“Until the lion has his or her own storyteller, the hunter will always have the best part of the story.” ~ Ewe-mina Proverb
In 1992, when I moved to Massachussets to work for the-then number two computer manufacturer, Digital Equipment Corporation, I could never have predicted how much people would come to rely on the Internet which, at that time, was in its very rudimentary stage. At this point, many of us access the Internet multiple times daily via mobile devices. I also could never have imagined how it could be used to bridge the digital divide, by providing platforms for those who otherwise would have remained invisible, enabling them to tell their own stories, in their own languages, and most importantly, from their own perspectives.
I have since been witness to the evolution of information communications technology from a single industry, to an all-encompassing group of innovations that change how we live our lives, who we share those lives with, how long those lives last, and even how the others grieve us at our time of passing. With respect to grieving, the most recent and significant case in point is the fact that hundreds of thousands of people around the globe learned about the passing of the late and great songstress Whitney Houston via Twitter (one hour prior to reports from traditional media). Subsequently, millions of us experienced her Newark, NJ “home going” via live streams.
The increased access to information and stories has made me realize that the continent where I was born and its people still remain largely misunderstood and frankly, exploited. Of particular concern to me are African women, who have largely been characterized as breeders, incapable of caring for themselves and their multitude of children, and certainly in no way contributing to their continent of origin, let alone the world. The words that come to many when they read or hear the words “African Woman” are: victim, voiceless, definitely not virginic and lacking value or viability. The following Bing.com image search I conducted using the words “African Woman”, are proof of what one will see when trying to learn about the women of Africa (click to enlarge):
It is against this backdrop that fellow Ugandan TMS Ruge and I decided to organize the panel “Africa, Tech & Women: The New Faces of Development” for the famed technology conference, SXSW, which attracts tens of thousands of people over 12 days to Austin, TX every March. Our purpose is to present African women in a forum typically reserved for American men and showcase their talents, accomplishments and contributions in ways that they are seldom seen. We also wanted to provide a balanced view about the realities surrounding the impact technology is having on women in Africa, including anecdotes about how in some cases, women’s access to mobile phones is contributing to domestic violence and other issues in the home as women become more empowered.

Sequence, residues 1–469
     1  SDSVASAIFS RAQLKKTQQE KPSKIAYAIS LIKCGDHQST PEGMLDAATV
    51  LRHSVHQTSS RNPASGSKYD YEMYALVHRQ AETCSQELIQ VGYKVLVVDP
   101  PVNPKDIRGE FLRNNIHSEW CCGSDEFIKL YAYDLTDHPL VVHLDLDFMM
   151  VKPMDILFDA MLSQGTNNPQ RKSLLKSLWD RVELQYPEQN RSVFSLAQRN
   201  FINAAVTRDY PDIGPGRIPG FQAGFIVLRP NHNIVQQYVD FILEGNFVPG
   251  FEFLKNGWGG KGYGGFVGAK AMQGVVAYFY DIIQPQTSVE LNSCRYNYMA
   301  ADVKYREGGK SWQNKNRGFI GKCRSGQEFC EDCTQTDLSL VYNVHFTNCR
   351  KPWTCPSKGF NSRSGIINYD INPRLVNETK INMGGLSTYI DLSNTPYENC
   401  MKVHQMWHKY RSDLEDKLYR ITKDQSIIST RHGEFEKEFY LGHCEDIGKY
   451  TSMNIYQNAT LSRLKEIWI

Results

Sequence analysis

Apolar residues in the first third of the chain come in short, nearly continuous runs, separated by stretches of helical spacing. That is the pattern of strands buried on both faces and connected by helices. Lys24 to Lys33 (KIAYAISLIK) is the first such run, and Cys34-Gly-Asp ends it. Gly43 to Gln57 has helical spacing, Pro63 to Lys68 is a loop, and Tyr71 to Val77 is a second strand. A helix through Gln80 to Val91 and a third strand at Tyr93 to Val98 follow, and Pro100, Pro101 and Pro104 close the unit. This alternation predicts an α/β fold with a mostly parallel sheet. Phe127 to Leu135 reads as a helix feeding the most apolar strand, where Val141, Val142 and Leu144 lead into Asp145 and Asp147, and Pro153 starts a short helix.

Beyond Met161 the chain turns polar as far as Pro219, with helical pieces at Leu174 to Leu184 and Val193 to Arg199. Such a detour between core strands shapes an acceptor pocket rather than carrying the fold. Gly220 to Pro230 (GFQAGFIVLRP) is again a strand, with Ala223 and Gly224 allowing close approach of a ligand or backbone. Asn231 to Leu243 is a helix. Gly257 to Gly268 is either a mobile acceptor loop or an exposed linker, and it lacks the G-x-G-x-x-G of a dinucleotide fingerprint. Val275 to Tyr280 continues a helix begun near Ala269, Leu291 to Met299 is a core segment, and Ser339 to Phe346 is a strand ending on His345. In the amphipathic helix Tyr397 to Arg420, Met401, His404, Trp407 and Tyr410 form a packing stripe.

TMS Ruge and I met on Twitter two years ago, began collaborating when I began contributing to his blog Project Diaspora at the beginning of 2011, and we have since been involved in a number of Africa-centered conferences, meeting for the first time in person in June 2011. Why this is significant is that although TMS Ruge and I hail from the same country, Uganda, and have many similar interests, we most likely would not have been able to connect, given that we live in different parts of the U.S. and have different social circles. However, through social media, we were able to connect and jointly develop a concept for our panel via Skype, email, Twitter and Facebook. The story of our meeting is testament to the power of social media to contributing to the making of new connections that can potentially help facilitate change. Part of the change that we are hoping to make is the way in which African women are viewed. While the majority of the world sees images and reads stories that reflect part of the reality, we believe it’s time that people see and experience more.
The team we brought together for the Africa, Tech & Women: The New Faces of Development panel, have met only virtually at this point. However, they all uniquely leverage technology to shape Africa’s future and tell its story through:
Digital Advocacy: Ebele Okobi, Yahoo! (Nigerian-American)
Small Business Mobile Advertising: Isis Nyong’o, InMobi Africa (Kenyan-American)
NGO Branding / Fundraising (Online and Mobile): Liz Ngonzi, New York University Heyman Center for Philanthropy & Fundraising (Ugandan-American)
Media and Internet Connectivity: Deborah Ensor, Internews (American with deep Africa health and humanitarian reporting experience)
Social Entrepreneurship (Moderator): TMS Ruge (Ugandan-American)
View team bios on the SXSW site.
Our hope is that our panel will inspire more African girls and women to pursue studies and careers in the STEM (Science, Technology, Engineering and Mathematics) fields, with an understanding that the tools and knowledge they will access, coupled with their own talents and creativity, will empower them to contribute to the global economy, while at the same time, enabling them to authentically tell their own stories and re-define how they are viewed around the globe.
THE LIONESS IS SURELY ROARING!
Follow Liz Ngonzi on Twitter.